WHO settles India, EU medicine dispute

26 Nov 2016, The Hindu, Vidya Krishnan

 

In a significant victory for the global access to medicines campaign, the World Health Organisation (WHO) has dropped the term ‘counterfeit’ and retained ‘falsified’ to describe medicines of inferior quality.

 

The terms were being used interchangeably to confiscated Indian made generic drugs exported to other countries by showing that they were in violation of intellectual property.

 

In a meeting on Thursday, the WHO settled a long standing dispute between India and the European Union (EU) by clarifying that ‘counterfeit’— will now be used by member States with respect to protection of Intellectual Property Rights (IPR).

 

The European Union Free Trade Agreement (EU FTA) had reached a deadlock after affordable, safe-to-use generic drugs made in India were confiscated as ‘illegal’ and ‘counterfeit.’ Nearly 20 shipments of generic drugs, including basic antibiotics and anti-retrovirals, were detained while in transit from India to several developing countries via Europe between 2008 and 2009, derailing the free trade agreement negotiations.

 

Genuine medicines

 

“This decision by the WHO settles a long-standing battle about labelling of drugs. For far too long, genuine generic medicines have been labelled as counterfeit. The confusion had taken away the much needed attention from the substandard medicines — which is a bigger public health problem for developing countries.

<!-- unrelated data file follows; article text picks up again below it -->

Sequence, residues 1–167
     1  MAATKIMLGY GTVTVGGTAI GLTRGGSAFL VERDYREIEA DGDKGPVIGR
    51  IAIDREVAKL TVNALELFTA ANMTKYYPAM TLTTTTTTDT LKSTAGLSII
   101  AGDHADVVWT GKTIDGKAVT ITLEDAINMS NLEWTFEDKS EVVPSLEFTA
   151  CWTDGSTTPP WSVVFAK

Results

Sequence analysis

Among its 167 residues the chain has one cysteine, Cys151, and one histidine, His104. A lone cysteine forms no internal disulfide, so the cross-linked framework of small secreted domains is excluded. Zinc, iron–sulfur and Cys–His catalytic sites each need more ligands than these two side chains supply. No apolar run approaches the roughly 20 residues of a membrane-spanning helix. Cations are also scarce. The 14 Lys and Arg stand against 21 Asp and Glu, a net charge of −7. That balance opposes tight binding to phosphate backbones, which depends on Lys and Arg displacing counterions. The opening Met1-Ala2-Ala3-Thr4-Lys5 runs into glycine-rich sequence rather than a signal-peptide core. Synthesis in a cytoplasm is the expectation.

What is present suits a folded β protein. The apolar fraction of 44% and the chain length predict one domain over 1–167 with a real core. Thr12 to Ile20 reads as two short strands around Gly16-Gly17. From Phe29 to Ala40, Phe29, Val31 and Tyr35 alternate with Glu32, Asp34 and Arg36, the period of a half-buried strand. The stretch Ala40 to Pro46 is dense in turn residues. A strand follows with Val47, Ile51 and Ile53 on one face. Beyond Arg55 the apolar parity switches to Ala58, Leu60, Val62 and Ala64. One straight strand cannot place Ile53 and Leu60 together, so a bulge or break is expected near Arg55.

Additionally, big pharmaceutical companies were using the term ‘counterfeit’ to describe generic medicines and disrupting trade of generic medicines,” said Leena Menghaney, South Asia head of humanitarian aid organisation Médecins Sans Frontières (MSF), which relies on Indian medicines to treat a wide variety of diseases, including tuberculosis, malaria, HIV/AIDS and other infections that afflict the poorest and most vulnerable populations.

 

Clarifying its position, the WHO said in a statement that, “the adopted definition drops the word counterfeit and uses the term falsified — which is much more in line with public health concerns regarding medicines, which make false claims about what they contain or where they are from, that represent a genuine problem.” The decision was taken by a technical working group on draft working definitions of substandard/spurious /falsely-labelled/falsified/counterfeit (SSFFC) medical products met on November 23.